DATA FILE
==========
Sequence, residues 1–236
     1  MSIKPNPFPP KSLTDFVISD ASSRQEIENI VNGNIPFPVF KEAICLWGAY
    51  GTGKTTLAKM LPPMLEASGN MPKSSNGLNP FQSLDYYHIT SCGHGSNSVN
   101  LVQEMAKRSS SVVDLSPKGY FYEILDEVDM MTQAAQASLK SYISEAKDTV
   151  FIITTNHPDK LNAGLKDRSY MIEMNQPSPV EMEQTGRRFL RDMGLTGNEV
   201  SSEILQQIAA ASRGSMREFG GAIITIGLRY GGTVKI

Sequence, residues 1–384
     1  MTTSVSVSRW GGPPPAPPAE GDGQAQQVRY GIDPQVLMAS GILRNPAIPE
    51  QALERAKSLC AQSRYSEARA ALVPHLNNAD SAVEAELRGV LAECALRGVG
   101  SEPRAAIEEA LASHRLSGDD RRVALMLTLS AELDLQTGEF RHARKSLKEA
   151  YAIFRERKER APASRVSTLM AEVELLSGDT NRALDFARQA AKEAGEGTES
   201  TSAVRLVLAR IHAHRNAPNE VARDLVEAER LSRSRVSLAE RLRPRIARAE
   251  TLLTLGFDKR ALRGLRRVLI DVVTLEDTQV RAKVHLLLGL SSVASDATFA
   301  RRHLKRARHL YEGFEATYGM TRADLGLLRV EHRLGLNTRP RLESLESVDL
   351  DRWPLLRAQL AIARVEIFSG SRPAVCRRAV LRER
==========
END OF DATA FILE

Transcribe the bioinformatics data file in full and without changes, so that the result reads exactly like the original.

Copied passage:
Sequence, residues 1–236
     1  MSIKPNPFPP KSLTDFVISD ASSRQEIENI VNGNIPFPVF KEAICLWGAY
    51  GTGKTTLAKM LPPMLEASGN MPKSSNGLNP FQSLDYYHIT SCGHGSNSVN
   101  LVQEMAKRSS SVVDLSPKGY FYEILDEVDM MTQAAQASLK SYISEAKDTV
   151  FIITTNHPDK LNAGLKDRSY MIEMNQPSPV EMEQTGRRFL RDMGLTGNEV
   201  SSEILQQIAA ASRGSMREFG GAIITIGLRY GGTVKI

Sequence, residues 1–384
     1  MTTSVSVSRW GGPPPAPPAE GDGQAQQVRY GIDPQVLMAS GILRNPAIPE
    51  QALERAKSLC AQSRYSEARA ALVPHLNNAD SAVEAELRGV LAECALRGVG
   101  SEPRAAIEEA LASHRLSGDD RRVALMLTLS AELDLQTGEF RHARKSLKEA
   151  YAIFRERKER APASRVSTLM AEVELLSGDT NRALDFARQA AKEAGEGTES
   201  TSAVRLVLAR IHAHRNAPNE VARDLVEAER LSRSRVSLAE RLRPRIARAE
   251  TLLTLGFDKR ALRGLRRVLI DVVTLEDTQV RAKVHLLLGL SSVASDATFA
   301  RRHLKRARHL YEGFEATYGM TRADLGLLRV EHRLGLNTRP RLESLESVDL
   351  DRWPLLRAQL AIARVEIFSG SRPAVCRRAV LRER